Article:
Jews being forced into the Podgorze ghetto in 1941

Krakow had been populated by Jews for 600 years before the Nazis invaded Poland in 1939, and the Jews had been discriminated against for years, before the Nazis arrived.

In 1494, there was a  fire in Krakow which was blamed on the Jews; this was the start of pogroms against the Jews.  Because of this, the King of Poland ordered the Jews in the city of Krakow to be resettled in the district of Kazimierz. During World War II, the Nazis ordered the Jews to move out of Kazimierz, into a ghetto in the Podgorze district, which was  across the river Vistula.

In the movie Schindler’s List, there is a scene where a new transport of Jews is arriving at the Plaszow camp and Commandant Amon Goeth must do a “selection” in which the sick prisoners and those unable to work will be killed in order to make room for more workers.  In the movie, prisoners in the Plaszow camp are forced to run naked past German doctors who will decide which ones are healthy enough to work.

The children are loaded onto trucks, presumably to be taken away to be killed.  The children frantically try to find hiding places.  Some of them hide in the disgusting liquid in an outhouse.  This scene shows that Spielberg has no experience with outhouses, or he would have known that the mess in a latrine is not liquid and a child would not sink down into it.

Besides that, how did the children know that they were going to be killed?  And who gave Amon Goeth the authority to do a “selection”?

Throughout the movie, the Germans are shown as being stupid and inept, while the Jews are shown as being smarter than the Germans.  There is the famous scene where a German pistol won’t fire.  Then there is the scene where a Jewish woman tells the Germans that they are not building the foundations for the barracks correctly.  Amon Goeth shoots her and then tells the workers to build the barracks the way she said to build them.

In real life, the barracks at Plaszow were pre-fabricated buildings and the women prisoners had to carry large pieces of the buildings from the train up the hill to the camp.   In the movie, not only were the Jews smarter than the Germans, the women were smarter than the men.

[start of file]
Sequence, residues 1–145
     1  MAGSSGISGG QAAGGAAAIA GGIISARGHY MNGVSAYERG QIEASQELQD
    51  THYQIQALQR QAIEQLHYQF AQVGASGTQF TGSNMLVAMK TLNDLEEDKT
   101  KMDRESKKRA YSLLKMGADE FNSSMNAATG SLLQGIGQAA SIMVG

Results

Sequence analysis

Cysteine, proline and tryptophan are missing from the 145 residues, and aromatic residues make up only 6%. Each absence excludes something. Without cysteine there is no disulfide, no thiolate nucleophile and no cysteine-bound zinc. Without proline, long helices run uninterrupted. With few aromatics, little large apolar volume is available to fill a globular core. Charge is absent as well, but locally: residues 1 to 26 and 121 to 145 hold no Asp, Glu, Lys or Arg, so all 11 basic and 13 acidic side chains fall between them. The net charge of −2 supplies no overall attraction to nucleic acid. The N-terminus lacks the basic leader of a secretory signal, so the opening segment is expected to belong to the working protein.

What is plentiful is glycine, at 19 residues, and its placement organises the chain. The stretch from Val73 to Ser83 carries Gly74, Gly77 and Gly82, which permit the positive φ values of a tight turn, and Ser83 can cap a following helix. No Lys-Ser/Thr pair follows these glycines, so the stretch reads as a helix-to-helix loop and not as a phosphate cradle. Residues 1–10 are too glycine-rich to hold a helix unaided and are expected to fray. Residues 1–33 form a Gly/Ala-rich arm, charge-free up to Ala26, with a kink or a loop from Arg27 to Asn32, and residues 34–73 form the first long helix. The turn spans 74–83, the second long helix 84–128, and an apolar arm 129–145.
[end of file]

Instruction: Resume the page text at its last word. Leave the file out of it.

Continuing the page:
Amon Goeth, the villain of the movie Schindler’s List, had joined the Nazi party at the age of 24. In 1940, Goeth had joined the Waffen-SS. In 1942, he had been assigned to the SS headquarters for Operation Reinhard in Lublin. Goeth’s first task was to supervise the liquidation of several of the small ghettos in Lublin.

The Jewish ghettos in Lublin were the first ghettos to be liquidated and some of the Jews from Lublin were among the first to be sent to the Belzec extermination camp during Operation Reinhard.

Goeth accepted bribes from the Lublin Jews during the selection process, and put them on the list to be sent to a labor camp, rather than to the Belzec death camp.

The Nazis claimed that Operation Reinhard was the plan to evacuate the Jews from the ghettos in Poland (including the Podgorze ghetto) to three transit camps: Treblinka, Sobibor and Belzec, all of which were in eastern Poland. According to Holocaust historians, the three Operation Reinhard camps were actually death camps where the Jews were immediately killed.

In February 1943, Goeth received a promotion and became the third SS officer to hold the job of Commandant of the Plaszow labor camp.

In January 1944, the forced labor camp at Plaszow was converted into a concentration camp under the jurisdiction of WVHA, the SS Office of Economics and Administration in Oranienburg. The two sub-camps at Prokocim and Biezanow were incorporated into the main camp at Plaszow and living conditions were improved.